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Inclusion of women in peace building

By Muthoni Kahuho | July 10th 2019

It has been 19 years since the first resolution on Women, Peace, and Security (WPS), United Nations Security Council Resolution (SCR) 1325, was adopted by the United Nations Security Council on 31st October 2000, but the numbers of women participating in peace settlements remain marginal.

Recently, Agenda 2030 and in particular Sustainable Development Goal (SDG) 16 recognize the importance of gender equality and women’s empowerment in building just peaceful and inclusive societies. As such, progress towards the SDGs will not be achieved if women are denied access to decision making, and women’s agency in peace building. In the 21st century, women are either victims of violent or change agents of peace.

In today’s violent and conflict, women, and girls are not only the victims of hardships, displacement, and warfare, but they are also directly targeted with rape, forced pregnancies and assault as deliberate instruments of war.

Often, women are victims of conflicts did not create. Women’s voice and interests have been neglected by the peace process, which has led in male-centered approaches to peace and security. It is, however, worth to note that women have prevented conflicts and have been active in conflict resolutions.

Kenyan women’s groups played an active role in conflict resolution during the 2007/2008 post-election violence and participated in the implementation of peace agreements. This was the result of the historical presence of strong female personalities in essential peace and human rights organizations in the country. However, the active role of individual women, such as Martha Karua and Sally Kosgey, who were appointed as negotiators of the main conflicting political parties, cannot be ignored. Besides, Kenyan women were extensively included in informal and semi-formal, consultations during the peace negotiations and peace agreements.

Besides the international mediator, the late Koffi Annan, the formal peace panel was comprised of the members of the PNU and the ODM. Each conflict political party had only one woman among their four negotiators. Despite Karua’s political influence, she was able to secure the position as a chief negotiator; she felt discriminated against as a female negotiator.

There is, therefore, a need to involve women in peace building. It is essential to recognize the role of women during violent and armed conflicts as they are coerced in an assumption of new societal roles as head of families, and change players.

In the last decades, women’s functions in peace building beyond conflict borders mark the significance of moving women across the humanitarian face. It is important to have women take part in discussions concerning conflict-related issues. But such efforts from women have remained unrecognized over time.

In Kenya, women involvement in peace building is old as their experience of violence since the struggle to gain independence. Women have taken roles overtime in the memorial in support of armed conflict and other nature of violence, from freedom fighters to supportive wives.

Despite this, their gender identification gives them a chance to perform peace building that men cannot do. Additionally, some women have taken advantage of such experiences and drawn skills and capacity building that are in their disposal in oppressive patriarchal systems and utilized this for productive use in peace building.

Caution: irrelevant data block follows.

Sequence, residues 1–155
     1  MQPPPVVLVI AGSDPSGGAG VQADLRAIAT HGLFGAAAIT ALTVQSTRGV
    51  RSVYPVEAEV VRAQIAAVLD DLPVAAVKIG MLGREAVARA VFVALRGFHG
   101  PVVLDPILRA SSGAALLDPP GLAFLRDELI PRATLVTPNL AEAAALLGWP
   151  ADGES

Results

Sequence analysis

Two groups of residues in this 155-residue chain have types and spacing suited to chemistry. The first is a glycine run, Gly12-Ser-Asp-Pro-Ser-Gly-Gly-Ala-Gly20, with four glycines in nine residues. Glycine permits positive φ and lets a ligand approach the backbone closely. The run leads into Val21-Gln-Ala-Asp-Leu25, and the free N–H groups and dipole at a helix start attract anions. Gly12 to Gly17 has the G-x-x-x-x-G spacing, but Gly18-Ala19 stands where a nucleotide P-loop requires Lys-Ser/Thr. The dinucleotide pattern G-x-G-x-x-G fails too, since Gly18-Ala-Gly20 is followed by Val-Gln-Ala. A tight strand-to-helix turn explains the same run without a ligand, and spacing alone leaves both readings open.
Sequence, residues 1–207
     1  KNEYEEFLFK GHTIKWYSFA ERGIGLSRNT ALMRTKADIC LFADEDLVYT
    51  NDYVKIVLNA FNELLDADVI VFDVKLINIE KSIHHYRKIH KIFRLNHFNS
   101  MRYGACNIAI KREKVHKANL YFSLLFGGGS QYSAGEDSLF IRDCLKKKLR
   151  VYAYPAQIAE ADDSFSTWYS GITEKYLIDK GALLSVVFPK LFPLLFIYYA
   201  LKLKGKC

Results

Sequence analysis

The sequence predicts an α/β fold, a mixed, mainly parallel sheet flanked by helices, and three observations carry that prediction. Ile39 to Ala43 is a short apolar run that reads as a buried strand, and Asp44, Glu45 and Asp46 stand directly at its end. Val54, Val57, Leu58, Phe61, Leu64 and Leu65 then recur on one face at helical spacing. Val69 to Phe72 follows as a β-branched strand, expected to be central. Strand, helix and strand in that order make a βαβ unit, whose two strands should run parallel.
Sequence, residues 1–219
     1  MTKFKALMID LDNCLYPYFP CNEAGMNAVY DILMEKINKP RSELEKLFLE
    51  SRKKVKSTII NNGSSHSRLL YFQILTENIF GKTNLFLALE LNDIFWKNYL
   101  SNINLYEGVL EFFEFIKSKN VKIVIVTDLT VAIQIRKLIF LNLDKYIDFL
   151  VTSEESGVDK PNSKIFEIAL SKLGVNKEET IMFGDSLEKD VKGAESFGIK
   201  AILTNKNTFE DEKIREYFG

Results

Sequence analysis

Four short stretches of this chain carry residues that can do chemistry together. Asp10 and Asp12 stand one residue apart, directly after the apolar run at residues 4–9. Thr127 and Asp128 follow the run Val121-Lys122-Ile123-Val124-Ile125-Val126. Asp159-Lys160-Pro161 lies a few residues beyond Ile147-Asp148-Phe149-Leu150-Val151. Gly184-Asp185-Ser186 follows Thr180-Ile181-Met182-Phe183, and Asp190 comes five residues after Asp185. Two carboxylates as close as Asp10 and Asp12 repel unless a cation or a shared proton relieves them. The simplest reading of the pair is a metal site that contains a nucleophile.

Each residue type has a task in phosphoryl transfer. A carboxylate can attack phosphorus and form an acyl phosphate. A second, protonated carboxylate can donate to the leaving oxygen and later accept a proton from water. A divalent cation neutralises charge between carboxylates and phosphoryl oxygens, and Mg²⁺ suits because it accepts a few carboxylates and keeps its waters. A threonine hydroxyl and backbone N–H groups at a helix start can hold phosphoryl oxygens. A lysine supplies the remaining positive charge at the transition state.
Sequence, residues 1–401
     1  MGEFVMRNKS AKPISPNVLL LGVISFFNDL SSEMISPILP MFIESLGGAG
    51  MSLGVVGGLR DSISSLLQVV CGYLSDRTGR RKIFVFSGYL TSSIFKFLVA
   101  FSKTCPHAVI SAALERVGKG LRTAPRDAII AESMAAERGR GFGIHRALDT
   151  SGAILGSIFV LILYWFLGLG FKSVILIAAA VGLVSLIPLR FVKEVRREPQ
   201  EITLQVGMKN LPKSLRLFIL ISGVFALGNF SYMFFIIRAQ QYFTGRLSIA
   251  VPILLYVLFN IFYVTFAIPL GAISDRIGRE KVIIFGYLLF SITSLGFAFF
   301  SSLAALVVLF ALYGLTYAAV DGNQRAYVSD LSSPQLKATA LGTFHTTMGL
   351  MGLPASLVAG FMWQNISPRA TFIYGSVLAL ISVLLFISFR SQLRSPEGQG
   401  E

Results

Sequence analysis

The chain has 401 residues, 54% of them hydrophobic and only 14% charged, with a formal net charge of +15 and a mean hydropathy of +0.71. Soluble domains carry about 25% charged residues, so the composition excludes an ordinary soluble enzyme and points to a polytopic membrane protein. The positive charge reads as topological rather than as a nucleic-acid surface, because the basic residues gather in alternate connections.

There is vast wealth in a community which utilizes all the talents, experiences, and wisdom from both the genders, making it easier to address issues holistically. Communities which exclude women from participating in decision making and leadership or are so busy with household chores, then their talents, experiences, and wisdom of half of the demographic will not contribute to community life.

Women’s thoughts are always filled with how their children and grandchildren will be able to live in their own country in a peaceful and secure environment, how they will advantage from the structure of peace forecasted in the agreement.

They have the wider and longer-term interest of society in mind. Contrarily, traditionally in post-conflict situations, men are interested in ensuring that the peace process will give them the authority and power that they are seeking.

Achievement of long-lasting peace has to include the participation of women and the inclusion of gender perspectives and participation in peace processes. This is inclusive of informal peace initiatives of grassroots women’s groups and networks, organized party and ethnic lines.

Women and children are the worst affected by violence and conflict, which makes this a threat to peace and security.

This is a wake-up call to have more women participate in conflict prevention and resolution initiatives. This is to a time when Kenya is heading and preparing towards general elections in 2022.

There is a need to focus on the role of women as men in conflict prevention, especially towards electioneering period. Full involvement of women in peace negotiations at national and international levels must provide for, including training for women on formal peace processes. Gender perspectives should be an integral part of post-conflict rehabilitation and reconstruction programs.

To achieve sustainable peace, there is a need to focus on peace education as an essential part of building a culture of peace. Sustainable peace is inseparable from gender equality.

I look forward to women playing the most important and substantive role in making the transition from the culture of violence to the culture of peace. Bearing in mind that when women are marginalized, there is little chance for an open and participatory society.

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